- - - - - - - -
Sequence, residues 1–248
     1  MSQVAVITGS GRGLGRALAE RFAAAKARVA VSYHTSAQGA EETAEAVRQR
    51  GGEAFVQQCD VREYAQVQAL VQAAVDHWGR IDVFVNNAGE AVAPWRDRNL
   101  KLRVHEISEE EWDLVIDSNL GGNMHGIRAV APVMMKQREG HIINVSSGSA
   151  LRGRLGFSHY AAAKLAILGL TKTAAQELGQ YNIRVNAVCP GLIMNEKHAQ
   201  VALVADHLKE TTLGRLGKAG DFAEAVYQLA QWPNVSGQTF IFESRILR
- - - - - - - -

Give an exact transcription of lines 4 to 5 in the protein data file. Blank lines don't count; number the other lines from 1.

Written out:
   101  KLRVHEISEE EWDLVIDSNL GGNMHGIRAV APVMMKQREG HIINVSSGSA
   151  LRGRLGFSHY AAAKLAILGL TKTAAQELGQ YNIRVNAVCP GLIMNEKHAQ